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There is a "hell of a lot of energy in the sun", and a feasibility study to capture that power for humans is under way in Dunedin.
Scott Technology, along with Farra Engineering and energy-management software developer Energy Link, received a $150,000 contribution for the study from the Dunedin City Council in its latest industry project funding round.
Scott Technology chief executive Chris Hopkins said the study would investigate establishing a pilot plant for converting sand into silica, for use on solar panels.
Making solar panels was usually an "energy-intensive" process, but the University of Arizona, in the United States, had created a way to make them using chemicals which was "much more cost-effective".
"If we can get the right sort of purity [of sand], they have a chemical process which eliminates some of the energy input," Mr Hopkins said.
New Zealand Trade and Enterprise (NZTE) had been in talks with the university about the development, which subsequently talked to Scott Technology about being involved in the engineering side of it.
The American university was attracted to working in Dunedin because of a connection with the University of Otago's chemistry department, he said.
"A lot" of background work had been done already including the completion of some samples and process refinement by Intex, a US company also involved in the project.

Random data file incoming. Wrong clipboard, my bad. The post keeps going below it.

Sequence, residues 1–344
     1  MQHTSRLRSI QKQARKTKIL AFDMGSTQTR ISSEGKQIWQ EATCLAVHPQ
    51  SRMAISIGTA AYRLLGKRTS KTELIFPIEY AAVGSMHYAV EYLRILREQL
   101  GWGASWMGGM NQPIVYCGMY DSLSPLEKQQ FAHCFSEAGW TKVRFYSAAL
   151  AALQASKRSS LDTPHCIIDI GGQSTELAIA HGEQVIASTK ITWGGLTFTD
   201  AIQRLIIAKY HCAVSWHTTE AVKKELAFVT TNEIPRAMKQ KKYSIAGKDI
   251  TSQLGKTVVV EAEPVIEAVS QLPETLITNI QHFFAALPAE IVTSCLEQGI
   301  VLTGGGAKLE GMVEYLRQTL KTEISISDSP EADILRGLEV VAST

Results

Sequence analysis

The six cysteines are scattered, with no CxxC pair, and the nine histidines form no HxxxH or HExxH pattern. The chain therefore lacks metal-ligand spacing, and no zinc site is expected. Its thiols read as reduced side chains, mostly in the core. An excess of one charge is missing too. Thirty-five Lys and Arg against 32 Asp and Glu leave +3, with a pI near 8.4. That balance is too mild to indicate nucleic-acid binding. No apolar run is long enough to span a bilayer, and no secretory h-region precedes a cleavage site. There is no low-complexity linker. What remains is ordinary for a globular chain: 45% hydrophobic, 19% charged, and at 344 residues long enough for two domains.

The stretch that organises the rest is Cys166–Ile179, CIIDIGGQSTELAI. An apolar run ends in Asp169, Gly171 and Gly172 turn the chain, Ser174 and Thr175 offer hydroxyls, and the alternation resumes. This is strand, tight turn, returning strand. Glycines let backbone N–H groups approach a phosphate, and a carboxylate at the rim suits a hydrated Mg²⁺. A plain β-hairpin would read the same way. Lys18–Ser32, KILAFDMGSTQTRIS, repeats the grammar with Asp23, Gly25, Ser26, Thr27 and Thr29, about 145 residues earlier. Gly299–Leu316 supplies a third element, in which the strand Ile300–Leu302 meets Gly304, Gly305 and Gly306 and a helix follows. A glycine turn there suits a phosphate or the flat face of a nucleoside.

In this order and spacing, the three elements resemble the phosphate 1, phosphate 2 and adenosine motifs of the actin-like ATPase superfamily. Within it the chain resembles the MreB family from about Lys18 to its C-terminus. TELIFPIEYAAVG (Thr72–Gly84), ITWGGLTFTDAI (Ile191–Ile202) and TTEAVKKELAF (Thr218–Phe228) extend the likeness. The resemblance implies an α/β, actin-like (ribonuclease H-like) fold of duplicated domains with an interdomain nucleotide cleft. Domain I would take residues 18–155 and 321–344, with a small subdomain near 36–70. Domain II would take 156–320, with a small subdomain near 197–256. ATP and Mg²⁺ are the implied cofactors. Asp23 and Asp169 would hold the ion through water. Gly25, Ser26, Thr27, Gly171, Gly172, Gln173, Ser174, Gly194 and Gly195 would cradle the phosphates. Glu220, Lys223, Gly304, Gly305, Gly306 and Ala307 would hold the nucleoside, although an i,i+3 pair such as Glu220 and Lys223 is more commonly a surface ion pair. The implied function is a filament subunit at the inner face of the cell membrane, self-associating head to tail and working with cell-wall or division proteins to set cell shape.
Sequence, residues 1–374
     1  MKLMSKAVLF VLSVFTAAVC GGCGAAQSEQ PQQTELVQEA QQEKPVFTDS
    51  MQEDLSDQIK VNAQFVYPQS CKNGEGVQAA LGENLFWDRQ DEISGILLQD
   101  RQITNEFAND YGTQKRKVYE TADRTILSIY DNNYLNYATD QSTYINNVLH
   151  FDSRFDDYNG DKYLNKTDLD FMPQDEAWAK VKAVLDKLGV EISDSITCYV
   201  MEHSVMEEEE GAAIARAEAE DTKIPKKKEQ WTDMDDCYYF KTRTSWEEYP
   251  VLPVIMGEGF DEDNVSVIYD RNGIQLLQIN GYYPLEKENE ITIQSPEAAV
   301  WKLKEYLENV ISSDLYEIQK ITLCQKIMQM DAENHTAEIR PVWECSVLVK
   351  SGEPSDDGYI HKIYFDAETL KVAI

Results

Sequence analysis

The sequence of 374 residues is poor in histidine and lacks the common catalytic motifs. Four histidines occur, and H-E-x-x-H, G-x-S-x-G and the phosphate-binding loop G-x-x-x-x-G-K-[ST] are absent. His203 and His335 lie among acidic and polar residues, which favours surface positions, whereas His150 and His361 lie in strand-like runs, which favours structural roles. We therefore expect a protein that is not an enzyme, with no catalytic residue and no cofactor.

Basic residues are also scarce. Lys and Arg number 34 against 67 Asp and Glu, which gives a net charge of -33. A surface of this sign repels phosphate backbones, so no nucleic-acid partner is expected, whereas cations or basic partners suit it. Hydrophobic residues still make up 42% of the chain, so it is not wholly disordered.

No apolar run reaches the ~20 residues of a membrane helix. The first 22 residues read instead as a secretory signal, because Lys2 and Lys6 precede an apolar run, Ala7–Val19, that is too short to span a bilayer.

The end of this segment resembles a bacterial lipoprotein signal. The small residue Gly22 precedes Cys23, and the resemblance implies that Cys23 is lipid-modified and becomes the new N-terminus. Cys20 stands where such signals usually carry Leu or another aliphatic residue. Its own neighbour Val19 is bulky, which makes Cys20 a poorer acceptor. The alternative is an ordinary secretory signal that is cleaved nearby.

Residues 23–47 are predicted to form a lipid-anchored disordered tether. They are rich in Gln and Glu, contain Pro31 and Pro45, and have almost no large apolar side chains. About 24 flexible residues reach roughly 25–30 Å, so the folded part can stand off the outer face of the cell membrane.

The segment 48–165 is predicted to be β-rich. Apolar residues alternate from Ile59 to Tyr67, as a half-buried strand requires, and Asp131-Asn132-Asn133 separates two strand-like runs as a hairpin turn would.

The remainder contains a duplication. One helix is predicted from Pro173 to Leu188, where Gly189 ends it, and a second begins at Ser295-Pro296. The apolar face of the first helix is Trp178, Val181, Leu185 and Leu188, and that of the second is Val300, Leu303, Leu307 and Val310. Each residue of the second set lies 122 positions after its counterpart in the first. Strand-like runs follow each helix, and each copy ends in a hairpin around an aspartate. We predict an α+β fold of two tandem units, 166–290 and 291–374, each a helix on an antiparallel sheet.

The council grant would give the project a "kick-start", with increased activity expected before Christmas.
The pilot plant, which would cost about $500,000 which NZTE had also funded, would take about 12 to 18 months to complete.
It would involve testing sand, extracted from existing quarries in the lower South Island, for its purity, and processing it so it could be sliced for solar panels.
While the study was under way, $1.5 million of funding was being sought in the US to build a 500-tonne-per-year pilot silica-processing plant, which, if the study proved successful, would be built in Dunedin.
The 500-tonne plant, which would employ about 30 people, would be scaled up into a 5000-tonne plant, which would employ about 200 people, and could go global.
This stage was "more around the paperwork and design to get everything in place", Mr Hopkins said.
There was a lot of interest in solar technology because it was "clean and green" and there was "a hell of a lot of energy in the sun".
The project was a great opportunity for the partners to develop engineering knowledge, and to open new international markets for them.